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Reciprocal lattice

  1. Oct 24, 2009 #1
    [tex]f(\vec{r}) = f(\vec{r}+\vec{T}) [/tex]

    [tex]\vec{T}= u_{1} \vec{a_{1}} + u_{2} \vec{a_{2}}+u_{3} \vec{a_{3}} [/tex]

    [tex]u_{1},u_{2},u_{3}[/tex] are integers.

    [tex]f(\vec{r}+\vec{T})= \sum n_{g} e^{(i\vec{G}.(\vec{r}+\vec{R}) )}= f(\vec{r}) [/tex]

    [tex]e^{i\vec{G}.\vec{R} }= 1 [/tex]
    [tex] \vec{G}.\vec{R} = 2\pi m[/tex]

    we call [tex] \vec{G}=h\vec{g_{1}} + k \vec{g_{2}}+l \vec{g_{3}} [/tex] reciprocal lattice vector.

    but what about the primitive lattice vectors [tex]\vec{g_{1}} , \vec{g_{2}} , \vec{g_{3}}[/tex] ?

    To simplify the discussion consider [tex]\vec{T_{1}} [/tex] in 1D;

    [tex]\vec{T_{1}} = u_{1} \vec{a_{1}} [/tex]

    [tex] \vec{G}.\vec{T} =(h\vec{g_{1}} + k \vec{g_{2}}+l \vec{g_{3}}) . ( u_{1} \vec{a_{1}}) = 2 \pi m [/tex]

    Is there any definiton that indicates direct primitive lattice vectors and reciprocal primitive lattice vectors orthogonalities?
    i.e

    [tex]\vec{g_{1}} . \vec{a_{1}} = 2 \pi [/tex]

    [tex]\vec{g_{2}} . \vec{a_{1}} = \vec{g_{3}} . \vec{a_{1}} = 0 [/tex]
     
    Last edited: Oct 24, 2009
  2. jcsd
  3. Oct 24, 2009 #2
    g1,g2,g3 are the primitive vectors for the reciprocal lattice.
    And the orthogonality condition is [tex]\vec{a}_i \cdot \vec{g}_j = 2\pi \delta_{i,j}[/tex]

    A trick for calculating the reciprocal vectors is to form the matrix A where the columns are the direct lattice vectors, and the matrix G where the columns are the reciprocal lattice vectors. Then you have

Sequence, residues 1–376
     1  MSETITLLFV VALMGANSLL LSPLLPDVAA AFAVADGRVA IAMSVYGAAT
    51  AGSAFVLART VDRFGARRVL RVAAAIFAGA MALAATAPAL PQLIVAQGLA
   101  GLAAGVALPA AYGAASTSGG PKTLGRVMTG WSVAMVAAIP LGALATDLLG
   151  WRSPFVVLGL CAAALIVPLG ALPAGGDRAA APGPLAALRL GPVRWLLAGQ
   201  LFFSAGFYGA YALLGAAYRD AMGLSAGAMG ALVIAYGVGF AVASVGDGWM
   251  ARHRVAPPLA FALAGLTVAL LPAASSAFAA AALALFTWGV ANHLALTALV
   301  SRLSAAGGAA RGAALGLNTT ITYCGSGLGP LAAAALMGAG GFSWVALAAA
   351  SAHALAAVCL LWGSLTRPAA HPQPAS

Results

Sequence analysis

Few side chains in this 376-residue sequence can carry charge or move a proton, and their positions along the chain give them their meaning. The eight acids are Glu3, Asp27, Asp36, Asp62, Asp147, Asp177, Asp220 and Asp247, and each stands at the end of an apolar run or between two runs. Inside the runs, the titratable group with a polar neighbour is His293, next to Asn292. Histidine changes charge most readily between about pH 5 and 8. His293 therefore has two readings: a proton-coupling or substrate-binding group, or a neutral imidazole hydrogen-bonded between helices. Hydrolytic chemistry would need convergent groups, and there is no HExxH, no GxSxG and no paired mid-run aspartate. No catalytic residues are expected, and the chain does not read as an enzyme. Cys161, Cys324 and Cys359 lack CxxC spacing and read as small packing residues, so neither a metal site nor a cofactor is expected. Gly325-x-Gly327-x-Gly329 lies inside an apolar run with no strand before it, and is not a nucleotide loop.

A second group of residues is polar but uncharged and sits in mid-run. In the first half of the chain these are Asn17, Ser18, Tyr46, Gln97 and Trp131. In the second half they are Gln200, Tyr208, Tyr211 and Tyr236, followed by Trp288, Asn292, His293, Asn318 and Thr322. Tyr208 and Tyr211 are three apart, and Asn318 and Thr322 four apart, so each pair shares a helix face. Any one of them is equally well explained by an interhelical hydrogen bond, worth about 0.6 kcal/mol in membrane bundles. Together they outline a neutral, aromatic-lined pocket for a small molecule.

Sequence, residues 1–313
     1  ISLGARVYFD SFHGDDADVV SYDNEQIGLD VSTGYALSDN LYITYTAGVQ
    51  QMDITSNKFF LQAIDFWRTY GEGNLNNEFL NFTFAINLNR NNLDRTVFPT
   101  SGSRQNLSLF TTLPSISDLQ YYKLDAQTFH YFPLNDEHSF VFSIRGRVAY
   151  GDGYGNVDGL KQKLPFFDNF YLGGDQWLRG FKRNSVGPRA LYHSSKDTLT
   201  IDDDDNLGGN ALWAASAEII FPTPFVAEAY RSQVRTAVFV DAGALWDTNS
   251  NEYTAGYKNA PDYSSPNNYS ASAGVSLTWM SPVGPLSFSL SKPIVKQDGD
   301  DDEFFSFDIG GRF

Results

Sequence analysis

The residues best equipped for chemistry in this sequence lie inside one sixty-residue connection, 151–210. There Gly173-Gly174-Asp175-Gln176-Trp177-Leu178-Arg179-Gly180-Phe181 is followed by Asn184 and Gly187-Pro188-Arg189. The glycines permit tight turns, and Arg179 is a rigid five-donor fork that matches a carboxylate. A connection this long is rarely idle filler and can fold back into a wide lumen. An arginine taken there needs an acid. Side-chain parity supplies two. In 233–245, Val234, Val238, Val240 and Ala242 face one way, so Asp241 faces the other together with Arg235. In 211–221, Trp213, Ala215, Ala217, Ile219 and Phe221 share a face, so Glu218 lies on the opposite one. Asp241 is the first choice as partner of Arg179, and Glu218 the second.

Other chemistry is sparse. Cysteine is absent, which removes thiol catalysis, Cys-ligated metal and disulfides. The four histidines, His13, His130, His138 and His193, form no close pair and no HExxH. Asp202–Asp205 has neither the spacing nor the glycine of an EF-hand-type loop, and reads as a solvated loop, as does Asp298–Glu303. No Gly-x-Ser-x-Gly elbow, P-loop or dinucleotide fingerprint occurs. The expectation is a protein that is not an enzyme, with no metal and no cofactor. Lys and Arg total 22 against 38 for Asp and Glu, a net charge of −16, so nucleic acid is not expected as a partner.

[tex]G^T \cdot A = 2\pi I[/tex]
    so
    [tex]G = 2\pi (A^{-1})^T[/tex]
     
  4. Oct 24, 2009 #3
    I is 3x3 identity martix isn't it?
     
  5. Oct 24, 2009 #4
    yes it is
     
  6. Oct 25, 2009 #5
    It's still confusing for me..
    so how can I invers a (1x3) matrix?
     
  7. Oct 25, 2009 #6
    You can get the vectors [tex]\vec{g_1}, \vec{g_2}, \vec{g_3}[/tex] without using any matrices. To do this use the following formulas:
    [tex]\vec{g_1}=2\pi\frac{[\vec{a_2},\vec{a_3}]}{\vec{a_1}[\vec{a_2},\vec{a_3}]},[/tex] [tex]\vec{g_2}=2\pi\frac{[\vec{a_3},\vec{a_1}]}{\vec{a_1}[\vec{a_2},\vec{a_3}]},[/tex] [tex]\vec{g_3}=2\pi\frac{[\vec{a_1},\vec{a_2}]}{\vec{a_1}[\vec{a_2},\vec{a_3}]}.[/tex]
     
  8. Oct 25, 2009 #7
    A and G are 3x3 matrices, not 1x3 matrices. The columns of A are the vectors of your lattice:
    [tex]A = \left(
    \left( \! \! \begin{array}{c}\\ \vec{a}_1 \\ \, \end{array} \!\! \right)
    \left( \! \! \begin{array}{c}\\ \vec{a}_2 \\ \, \end{array} \!\! \right)
    \left( \! \! \begin{array}{c}\\ \vec{a}_3 \\ \, \end{array} \!\! \right) \right)[/tex]

    Personally, I think this is easier than manually evaluating three separate cross products. But either way works.
     
  9. Oct 26, 2009 #8
    Thanks but the discussion is how we get these formulas.


    O.K , as you said ai and gi must be vectors which has three components. The question is what are these components?
     
    Last edited: Oct 26, 2009
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